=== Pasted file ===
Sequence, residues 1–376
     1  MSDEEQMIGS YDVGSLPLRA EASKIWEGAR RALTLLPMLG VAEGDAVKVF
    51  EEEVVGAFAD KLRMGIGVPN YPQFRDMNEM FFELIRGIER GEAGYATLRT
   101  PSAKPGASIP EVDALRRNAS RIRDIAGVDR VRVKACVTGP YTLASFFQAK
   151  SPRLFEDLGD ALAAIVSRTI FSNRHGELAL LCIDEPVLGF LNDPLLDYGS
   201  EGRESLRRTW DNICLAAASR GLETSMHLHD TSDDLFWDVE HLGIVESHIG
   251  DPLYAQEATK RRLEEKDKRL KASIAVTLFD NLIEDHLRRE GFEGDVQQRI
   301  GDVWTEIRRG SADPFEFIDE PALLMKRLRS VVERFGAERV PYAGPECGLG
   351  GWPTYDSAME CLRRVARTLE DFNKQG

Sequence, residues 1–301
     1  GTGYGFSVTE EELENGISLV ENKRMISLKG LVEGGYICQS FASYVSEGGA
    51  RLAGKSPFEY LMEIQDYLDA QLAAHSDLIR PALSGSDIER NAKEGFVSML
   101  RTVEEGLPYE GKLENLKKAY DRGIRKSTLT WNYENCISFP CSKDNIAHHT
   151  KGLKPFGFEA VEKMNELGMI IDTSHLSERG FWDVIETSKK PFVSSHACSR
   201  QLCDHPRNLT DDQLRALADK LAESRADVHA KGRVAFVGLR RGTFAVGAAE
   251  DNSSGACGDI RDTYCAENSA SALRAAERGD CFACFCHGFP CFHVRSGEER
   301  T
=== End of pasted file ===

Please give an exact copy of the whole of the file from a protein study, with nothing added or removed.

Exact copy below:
Sequence, residues 1–376
     1  MSDEEQMIGS YDVGSLPLRA EASKIWEGAR RALTLLPMLG VAEGDAVKVF
    51  EEEVVGAFAD KLRMGIGVPN YPQFRDMNEM FFELIRGIER GEAGYATLRT
   101  PSAKPGASIP EVDALRRNAS RIRDIAGVDR VRVKACVTGP YTLASFFQAK
   151  SPRLFEDLGD ALAAIVSRTI FSNRHGELAL LCIDEPVLGF LNDPLLDYGS
   201  EGRESLRRTW DNICLAAASR GLETSMHLHD TSDDLFWDVE HLGIVESHIG
   251  DPLYAQEATK RRLEEKDKRL KASIAVTLFD NLIEDHLRRE GFEGDVQQRI
   301  GDVWTEIRRG SADPFEFIDE PALLMKRLRS VVERFGAERV PYAGPECGLG
   351  GWPTYDSAME CLRRVARTLE DFNKQG

Sequence, residues 1–301
     1  GTGYGFSVTE EELENGISLV ENKRMISLKG LVEGGYICQS FASYVSEGGA
    51  RLAGKSPFEY LMEIQDYLDA QLAAHSDLIR PALSGSDIER NAKEGFVSML
   101  RTVEEGLPYE GKLENLKKAY DRGIRKSTLT WNYENCISFP CSKDNIAHHT
   151  KGLKPFGFEA VEKMNELGMI IDTSHLSERG FWDVIETSKK PFVSSHACSR
   201  QLCDHPRNLT DDQLRALADK LAESRADVHA KGRVAFVGLR RGTFAVGAAE
   251  DNSSGACGDI RDTYCAENSA SALRAAERGD CFACFCHGFP CFHVRSGEER
   301  T